The North-Korean/Iranian Nodong-Shahab missile family
(based on the unknown Soviet missile  -  here provisionally designated as R-17K)

Norbert Brügge, Germany

Update: 04.09.2017

2015, Oct. 11 -- Iran has successfully test-fired a new domestically made long-range ballistic missile, the Islamic Republic’s defense minister, Brigadier General Hossein Dehghan said.
The new missile dubbed Emad is the latest generation of Iran’s long-range ground-to-ground ballistic missiles. It is the Islamic Republic’s first long-range missile with capability of guidance and control until hitting the intended target.
Probably this Ghadr-TR missile type has -- in compare to the Ghadr-H -- a changed propellant as well an upgraded engine.



The riddle of the North-Korean Nodong missile (probably Hwasong-8) was difficult to decode up to now. Pakistan and Iran use the Nodong to build there similar Ghauri-I and Shahab-3 missiles. In North Korea the Nodong vehicle was used for the first space-rocket Paektusan (Taepo-Dong 1). In the meantime upon base of an extended Nodong have builded North-Korea, Pakistan and Iran their next variants of missiles.
The Nodong missile is related to the Soviet R-17 (Scud-B) missile. But, the Scud-B uses TM-185 (Kerosene) / AK-27I (73%HNO3 +27%N2O4) as propellant.
The key to the problem was up to now the kind of the engine used for the Nodong. Recently were found further remarkable photos from the Iranian Shahab/Safir-engine. The engine is similar to the Scud engine. It is however ~140% larger formed. Also combustor and nozzle are different formed (area ratio 10.4 ---- 9.0).
With a meanwhile known diameter the rocket of 1.25 m can be valued a diameter for the nozzle of 62 cm. It is very improbable however, that North-Korea independently has developed this Scud similar stronger new engine.


Previously it was assumed that it could be an engine of the clustered Chinese engine YF-2. The engine YF-2 is used for the DF-3 missile. The propellant is however UDMH/AK-27S.
The mixing proportion of this components requires approximately equal large tanks. That is also the case at the Nodong missile and Safir IRILV, contrary to the Scud-B !

Meanwhile at first by Novosti Kosmonavtiki published sensational photos of the Chinese first stage engine YF-2 from the DF-3 missile. It is now confirmed that four single engines are combined with its own turbopumps. The shape of the chambers and the nozzles are more similar to the smaller Scud-B engine than to the Nodong engine. The Nodong engine has greater similarity to the Soviet four-chamber engine Isayev S2.1100 (Burya booster). In addition however clear differences between all engines are to be determined. In any case, this engine YF-2 is a creation of Isayev's design bureau. All the details are typical.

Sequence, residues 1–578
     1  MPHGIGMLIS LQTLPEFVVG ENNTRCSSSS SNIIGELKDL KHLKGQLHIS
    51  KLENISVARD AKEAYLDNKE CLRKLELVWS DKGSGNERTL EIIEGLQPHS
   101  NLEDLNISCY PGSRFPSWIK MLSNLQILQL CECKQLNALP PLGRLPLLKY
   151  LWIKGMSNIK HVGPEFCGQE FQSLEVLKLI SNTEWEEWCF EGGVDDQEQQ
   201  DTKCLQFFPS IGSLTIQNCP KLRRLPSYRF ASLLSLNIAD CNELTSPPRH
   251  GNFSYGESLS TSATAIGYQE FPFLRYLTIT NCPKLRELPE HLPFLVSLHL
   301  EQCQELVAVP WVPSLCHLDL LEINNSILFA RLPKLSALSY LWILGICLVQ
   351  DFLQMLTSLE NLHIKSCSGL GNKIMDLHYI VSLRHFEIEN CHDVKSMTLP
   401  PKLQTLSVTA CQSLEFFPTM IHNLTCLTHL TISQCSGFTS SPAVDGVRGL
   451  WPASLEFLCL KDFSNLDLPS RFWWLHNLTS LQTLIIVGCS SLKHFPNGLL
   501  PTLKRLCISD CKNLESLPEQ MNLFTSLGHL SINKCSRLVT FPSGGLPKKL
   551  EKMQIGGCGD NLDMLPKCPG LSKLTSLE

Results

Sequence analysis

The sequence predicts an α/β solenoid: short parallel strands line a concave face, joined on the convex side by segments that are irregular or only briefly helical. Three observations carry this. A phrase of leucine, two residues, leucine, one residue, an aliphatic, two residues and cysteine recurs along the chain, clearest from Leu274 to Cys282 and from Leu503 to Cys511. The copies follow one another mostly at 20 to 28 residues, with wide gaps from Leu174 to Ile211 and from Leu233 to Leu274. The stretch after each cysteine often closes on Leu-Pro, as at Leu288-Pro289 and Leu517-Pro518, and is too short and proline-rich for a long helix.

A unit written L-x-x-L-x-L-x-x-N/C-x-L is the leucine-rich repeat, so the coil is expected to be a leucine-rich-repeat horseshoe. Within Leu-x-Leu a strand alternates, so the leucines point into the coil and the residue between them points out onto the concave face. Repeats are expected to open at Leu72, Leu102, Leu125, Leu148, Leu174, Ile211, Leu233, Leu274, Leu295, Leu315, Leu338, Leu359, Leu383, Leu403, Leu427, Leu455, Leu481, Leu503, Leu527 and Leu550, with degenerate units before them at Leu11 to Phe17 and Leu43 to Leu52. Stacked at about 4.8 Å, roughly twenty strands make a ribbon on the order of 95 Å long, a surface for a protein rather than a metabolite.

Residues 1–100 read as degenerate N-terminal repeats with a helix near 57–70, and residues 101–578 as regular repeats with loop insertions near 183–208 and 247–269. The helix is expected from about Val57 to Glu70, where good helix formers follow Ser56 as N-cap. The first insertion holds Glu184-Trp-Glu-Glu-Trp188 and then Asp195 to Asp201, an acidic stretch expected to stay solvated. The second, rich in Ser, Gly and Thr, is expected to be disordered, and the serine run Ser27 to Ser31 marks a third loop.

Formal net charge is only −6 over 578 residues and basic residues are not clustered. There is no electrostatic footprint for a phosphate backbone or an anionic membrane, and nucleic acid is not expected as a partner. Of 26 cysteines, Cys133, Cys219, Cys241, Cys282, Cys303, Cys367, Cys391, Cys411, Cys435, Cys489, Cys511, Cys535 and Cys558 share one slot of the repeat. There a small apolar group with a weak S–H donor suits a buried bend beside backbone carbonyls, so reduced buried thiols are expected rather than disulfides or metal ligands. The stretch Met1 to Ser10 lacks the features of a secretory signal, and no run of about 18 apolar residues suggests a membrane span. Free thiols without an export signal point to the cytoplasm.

It is reported by KB Makeyev that the development of an operational tactical missile (code not known) was stopped in December 1958 in the preliminary planning stage. It should be a  R-17 similar missile with a longer range. Was the development later continued ?
An interesting reference for the origin of the Nodong  is a  drawing  for the manufacture of an engine, whose measurements and outlines equal the Nodong engine. It is possible, that this engine belongs to an unknown Soviet  missile, which exactly corresponds to the Nodong missile. Possibly the engine was constructed for the use of UDMH as fuel, as for the Isayev engine YF-2. These missile was not taken over however in the rocket arsenal of the Soviets, probably however exports to North Korea. This is realistic because Cyrillic letters were seen on a Shahab-3 (Nodong) missile.

A single Nodong engine has a thrust of approximately 280 kN (s.l.). That can calculated become with the kind of propellant, the quantity of ~11.151 kg and the burning time of 95 sec (Taepo-Dong-1 launch).
Pakistani Ghauri missile have a quantity of 12.912 tons propellant. It is calculated a burning time of 110 sec. The Iranian Shahab-3M (syn. Ghadr-1) has an equal dimension. The new Iranian missile is once more longer. It is used as first stage for the Safir IRILV. It is based on a stretched Nodong+ missile, which was used probably as the first stage of the unknown North-Korean  Paektusan-2.


A statement to the Nodong missile by Schmucker Technologie, Munich, Germany , 2010
"The Missile Show". Prof. Dr.-Ing. habil. Robert H. Schmucker & Dr.-Ing. Markus Schiller

“In 1993, four missiles were launched in the DPRK. The exact missile types are still not known for sure, but one is said to have been the first appearance of a new rocket that would soon play a central role in the 3rd World arsenals. This missile, designated Nodong by the West, looks like an upscaled derivative of the Scud. Main diameter is roughly 1.3 m compared to Scud’s 0.88 m, and the whole system is accordingly larger, heavier and offers more per10 formance.